Missoula, MT (KGVO-AM News) - The Montana Department of Justice’s Division of Criminal Investigation issued a statewide warning on Tuesday after eight people recently died of an overdose of fentanyl in 10 Montana counties.

KGVO News spoke to Bryan Lockerby, Administrator of the Division of Criminal Investigation at the Montana Department of Justice for details on a bulletin that was sent to every law enforcement agency in the state.

More People in Montana are Dying from Fentanyl Overdoses

“It's very disturbing and very concerning,” began Lockerby. “We've been trying to do a better job of monitoring overdoses around our state for the last couple of years, develop some really good partnerships with emergency medical services, health, and human services, and local law enforcement, where everybody's kind of reporting collectively and we can look at areas of concern where there might be some spikes and we've seen some in the past where some counties might have had some overdoses, but this is the first time we've seen 10 different counties affected with something this significant.”

From 5 to 8 Fentanyl  Overdose Deaths in a Matter of 24 Hours

Lockerby said the alert dealt with actual overdoses of fentanyl throughout the state.

“We're talking about overdoses, most likely folks that were brought back through Narcan, through successful intervention by emergency services, whether it's medical or law enforcement,” he said. “Unfortunately, then we've got those people that didn't come back through those fatalities, those people that passed away where now a loved one is longing for them, and they'll never get them back. When we issued that report, there were five fatalities within 24 hours. There were three more now we're at eight. So I mean, this is an endless cycle, and it's a difficult challenge for everyone.”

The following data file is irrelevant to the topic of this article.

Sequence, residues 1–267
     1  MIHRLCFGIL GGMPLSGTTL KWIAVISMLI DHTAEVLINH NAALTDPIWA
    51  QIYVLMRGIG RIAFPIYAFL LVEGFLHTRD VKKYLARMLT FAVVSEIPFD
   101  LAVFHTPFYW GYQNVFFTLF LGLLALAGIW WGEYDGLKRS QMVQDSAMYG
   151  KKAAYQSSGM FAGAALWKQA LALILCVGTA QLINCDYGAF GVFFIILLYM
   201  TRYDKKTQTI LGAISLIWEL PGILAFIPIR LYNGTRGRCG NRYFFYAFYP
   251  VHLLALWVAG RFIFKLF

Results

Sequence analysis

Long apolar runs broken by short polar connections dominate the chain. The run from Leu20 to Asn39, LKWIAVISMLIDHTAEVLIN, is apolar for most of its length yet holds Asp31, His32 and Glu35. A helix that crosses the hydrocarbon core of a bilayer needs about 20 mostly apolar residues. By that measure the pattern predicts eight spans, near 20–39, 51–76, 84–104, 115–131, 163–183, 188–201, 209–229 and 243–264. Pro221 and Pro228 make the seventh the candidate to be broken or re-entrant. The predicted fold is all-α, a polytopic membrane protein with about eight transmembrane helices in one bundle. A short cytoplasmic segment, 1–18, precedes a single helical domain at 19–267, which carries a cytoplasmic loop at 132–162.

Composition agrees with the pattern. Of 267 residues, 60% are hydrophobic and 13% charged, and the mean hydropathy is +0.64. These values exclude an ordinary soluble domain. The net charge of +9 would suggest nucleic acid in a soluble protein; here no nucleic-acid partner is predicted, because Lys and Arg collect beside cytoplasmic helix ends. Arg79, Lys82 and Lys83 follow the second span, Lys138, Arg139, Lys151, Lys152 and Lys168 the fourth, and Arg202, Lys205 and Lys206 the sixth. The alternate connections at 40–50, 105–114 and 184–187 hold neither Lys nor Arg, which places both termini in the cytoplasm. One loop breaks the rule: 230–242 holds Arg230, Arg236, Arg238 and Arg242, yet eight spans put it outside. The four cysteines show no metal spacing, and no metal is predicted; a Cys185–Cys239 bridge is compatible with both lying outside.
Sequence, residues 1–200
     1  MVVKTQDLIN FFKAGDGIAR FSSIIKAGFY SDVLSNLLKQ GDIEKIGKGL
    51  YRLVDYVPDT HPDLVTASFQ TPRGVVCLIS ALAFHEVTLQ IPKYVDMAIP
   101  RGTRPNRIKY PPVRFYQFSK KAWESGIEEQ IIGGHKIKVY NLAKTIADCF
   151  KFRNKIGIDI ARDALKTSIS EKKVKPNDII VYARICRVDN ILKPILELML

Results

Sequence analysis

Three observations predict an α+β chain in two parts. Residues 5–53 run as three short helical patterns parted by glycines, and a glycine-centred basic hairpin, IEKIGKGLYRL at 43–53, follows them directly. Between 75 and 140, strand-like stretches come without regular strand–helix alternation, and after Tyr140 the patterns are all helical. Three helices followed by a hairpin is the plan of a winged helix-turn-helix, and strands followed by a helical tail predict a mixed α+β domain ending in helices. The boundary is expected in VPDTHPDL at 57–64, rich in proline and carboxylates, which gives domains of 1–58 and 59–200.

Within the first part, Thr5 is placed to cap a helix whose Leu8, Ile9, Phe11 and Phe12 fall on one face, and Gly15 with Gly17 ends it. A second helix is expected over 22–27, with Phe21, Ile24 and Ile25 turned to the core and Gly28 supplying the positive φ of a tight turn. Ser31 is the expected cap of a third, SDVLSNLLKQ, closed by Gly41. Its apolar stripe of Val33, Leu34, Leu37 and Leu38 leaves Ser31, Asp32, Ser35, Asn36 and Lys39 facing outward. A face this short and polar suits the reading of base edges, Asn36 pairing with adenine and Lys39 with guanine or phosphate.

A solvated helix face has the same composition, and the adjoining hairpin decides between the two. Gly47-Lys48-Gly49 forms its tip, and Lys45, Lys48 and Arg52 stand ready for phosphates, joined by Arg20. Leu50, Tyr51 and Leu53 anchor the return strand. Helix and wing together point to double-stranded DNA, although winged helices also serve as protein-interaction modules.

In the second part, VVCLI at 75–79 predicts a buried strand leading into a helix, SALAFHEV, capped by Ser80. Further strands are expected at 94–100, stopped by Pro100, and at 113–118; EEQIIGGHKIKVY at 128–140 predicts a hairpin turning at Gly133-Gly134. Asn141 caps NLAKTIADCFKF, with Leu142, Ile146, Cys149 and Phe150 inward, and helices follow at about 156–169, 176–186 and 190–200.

Lockerby counted off the 10 counties that were the focus of the fentanyl overdose alert.

“The counties that we identified were Cascade, Flathead, Lake Missoula, Silverbow, Custer, Gallatin, Lewis and Clark, Ravalli, and Yellowstone. The age ranges of the people that were affected by these overdoses were between the ages of 19 and 66 years old. So, it's non-discriminatory. Fentanyl doesn't care and the dealer doesn't care.”

Missoula, Ravalli, and Lake Counties are on that List

Lockerby stated that every Montanan must step up and do whatever is necessary to try to end the scourge of fentanyl overdoses and deaths, including speaking directly with friends and loved ones who take the drugs.

“I think everyone owns a part of this as far as being a responsible citizen to our state and protecting other people,” he said. “I mean, we want to be good witnesses. Certainly, we want everyone to report suspicious activity to their local law enforcement. But I also think that we need a prevention piece. I think we need to have hard conversations with a possible family member or even a friend that we may suspect is dealing with substance abuse issues so we can intervene early. We have the courts trying to do their part with intervention. We all play a role in this educational part. The fact that we pushed out this alert has no impact, unless people like you, and people on social media, send this to other folks so that everybody gets the same consistent message. And we all feel like we're playing a role in it.”

Anyone with information about such deadly drug activity is asked to contact their local law enforcement agency right away, or call the Montana Department of Justice’s Division of Criminal Investigation at (406) 444-3874 or E-mail: contactdci@mt.gov.

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